My name is Marina. I’m 22 years old, but despite my young age, my life experiences are many. During my lifetime, I’ve had many roles: daughter, student, friend, teacher, counselor, patient and dancer. If you had to pick one, you may think “patient”, but truthfully told “dancer” is the role of my life.
I was born with a disorder that can effect the bones in my body. It led me to have a cleft palate repair before the age of 1, long before I can even remember. I also had to have tubes in my ears as a child, as this problem can also effect the ear anatomy. It later caused my scoliosis, but more on that later.
A profound event in my young life occurred when I was diagnosed with a Wilm’s Tumor at the age of 3 years. Again, I can barely remember everything that was required of my parents and me at the time, but I know it was hard on them too. I first had surgery to remove my cancerous kidney. Following this came 15 months of chemotherapy. I remember always going to the doctor for some reason or another. The best thing was that I was cured at the end of it…. A new start! It was about a year later that I started taking dance. It was great fun and I was good at it. I found great joy in my dancing as I grew older.
When I was 8 years old, my parents were told I had scoliosis related to my disorder. More trips back to doctors and I was placed in a special body brace that helps to control the curve. For about 75% of most kids, the brace is all they’ll ever need to treat their scoliosis. For me, I faithfully wore the brace for 2 ½ years, but despite this, my curve got worse. During my early teens, I was very self conscious about wearing this bulky back brace. I would wear huge oversize jackets everyday to try and hide the brace. Looking back, I wish I could have accepted the brace more and not felt so ashamed. At least I continued to dance during my treatment and it helped me cope with the pain, the brace and the countless trips to the doctor.
Then, when I was 13 years old, I started experiencing problems with my bowels. At first the symptoms came on slowly, but then suddenly, I was in excruciating pain and I was taken to the hospital. The pain was unbearable, but until they could figure out what was wrong with me, I couldn’t have pain medication. Finally, 2 days later they discovered the problem, scarring from my Wilm’s tumor surgery had wrapped around my bowel and completely blocked it off, also referred to as a complete bowel obstruction. I was again headed to surgery to remove the scar tissue and had a bonus hernia repair and appendectomy.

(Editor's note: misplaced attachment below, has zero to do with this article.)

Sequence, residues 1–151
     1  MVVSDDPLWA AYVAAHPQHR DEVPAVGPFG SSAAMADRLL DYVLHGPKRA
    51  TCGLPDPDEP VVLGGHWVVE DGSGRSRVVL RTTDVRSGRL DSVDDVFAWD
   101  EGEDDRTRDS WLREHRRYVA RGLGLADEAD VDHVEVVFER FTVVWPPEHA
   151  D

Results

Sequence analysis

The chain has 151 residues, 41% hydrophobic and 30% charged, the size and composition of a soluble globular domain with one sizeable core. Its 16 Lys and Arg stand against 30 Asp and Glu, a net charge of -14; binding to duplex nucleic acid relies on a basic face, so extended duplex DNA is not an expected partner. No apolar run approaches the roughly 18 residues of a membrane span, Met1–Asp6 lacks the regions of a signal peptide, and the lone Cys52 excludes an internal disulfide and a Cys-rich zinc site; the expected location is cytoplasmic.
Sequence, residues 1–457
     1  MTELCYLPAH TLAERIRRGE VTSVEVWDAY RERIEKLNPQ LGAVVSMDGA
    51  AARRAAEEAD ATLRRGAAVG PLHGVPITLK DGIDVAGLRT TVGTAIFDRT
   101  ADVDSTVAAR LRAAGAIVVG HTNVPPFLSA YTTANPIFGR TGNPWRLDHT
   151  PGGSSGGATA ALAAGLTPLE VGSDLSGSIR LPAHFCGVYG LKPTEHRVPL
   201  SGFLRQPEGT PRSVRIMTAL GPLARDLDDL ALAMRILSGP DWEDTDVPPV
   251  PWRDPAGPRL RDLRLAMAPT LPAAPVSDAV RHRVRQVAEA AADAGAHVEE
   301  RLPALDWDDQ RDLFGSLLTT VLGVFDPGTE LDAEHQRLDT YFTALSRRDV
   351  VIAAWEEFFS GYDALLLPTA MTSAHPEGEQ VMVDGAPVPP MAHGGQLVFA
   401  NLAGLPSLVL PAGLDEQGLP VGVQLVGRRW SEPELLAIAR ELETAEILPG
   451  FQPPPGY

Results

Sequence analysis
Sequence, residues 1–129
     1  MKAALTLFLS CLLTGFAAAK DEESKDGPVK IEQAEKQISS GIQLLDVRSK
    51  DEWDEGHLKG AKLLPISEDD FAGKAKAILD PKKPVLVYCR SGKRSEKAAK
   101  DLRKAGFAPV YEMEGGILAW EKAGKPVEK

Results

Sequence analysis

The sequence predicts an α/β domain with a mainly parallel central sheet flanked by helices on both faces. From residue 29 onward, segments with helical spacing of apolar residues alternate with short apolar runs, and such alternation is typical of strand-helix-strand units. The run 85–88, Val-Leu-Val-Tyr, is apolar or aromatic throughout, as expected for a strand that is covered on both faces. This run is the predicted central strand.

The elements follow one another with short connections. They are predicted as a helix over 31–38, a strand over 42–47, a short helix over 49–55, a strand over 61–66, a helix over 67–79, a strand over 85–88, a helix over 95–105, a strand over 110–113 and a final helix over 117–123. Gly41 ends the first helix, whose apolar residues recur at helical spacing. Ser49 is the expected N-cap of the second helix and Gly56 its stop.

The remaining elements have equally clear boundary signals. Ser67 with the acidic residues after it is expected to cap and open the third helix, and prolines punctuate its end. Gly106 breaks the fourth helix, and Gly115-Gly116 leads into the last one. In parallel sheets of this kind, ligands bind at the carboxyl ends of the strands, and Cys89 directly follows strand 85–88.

During my recovery, we were getting to know Dr. Akbarnia and his spine team in San Diego. He told my parents and I that my curve was 88° and it would continue to get worse even after I had finished growing. Only surgery could stop the progression this curve had on my spine. Having just returned to dance after my last surgery, I was told I’d have to stop again for my spine recovery. Also, Dr. Akbarnia originally thought that the majority of my spine would need to be fused along with spinal rods to correct the curve. Being so fond of dance, the thought of losing most of my low back flexibility was a very scary thing. We discussed the options with Dr. Akbarnia, who agreed to treat just the upper curve and then we would all “wait and see” if the lower curve would get worse.
Three months after my emergency surgery for my bowel obstruction, I was being wheeled to the operating room again. Its hard to express the feeling you have each time you go into the operating room and then staying in the hospital. My spinal rods and fusion were attached to my spine from T4 to L3, greatly correcting my curve. My recovery from my spine surgery was tough; I’m not going to lie. But gradually I felt better. I actually chose to repeat the 8th grade, allowing me to fully recover and allow myself to return to unrestricted dancing when I began high school.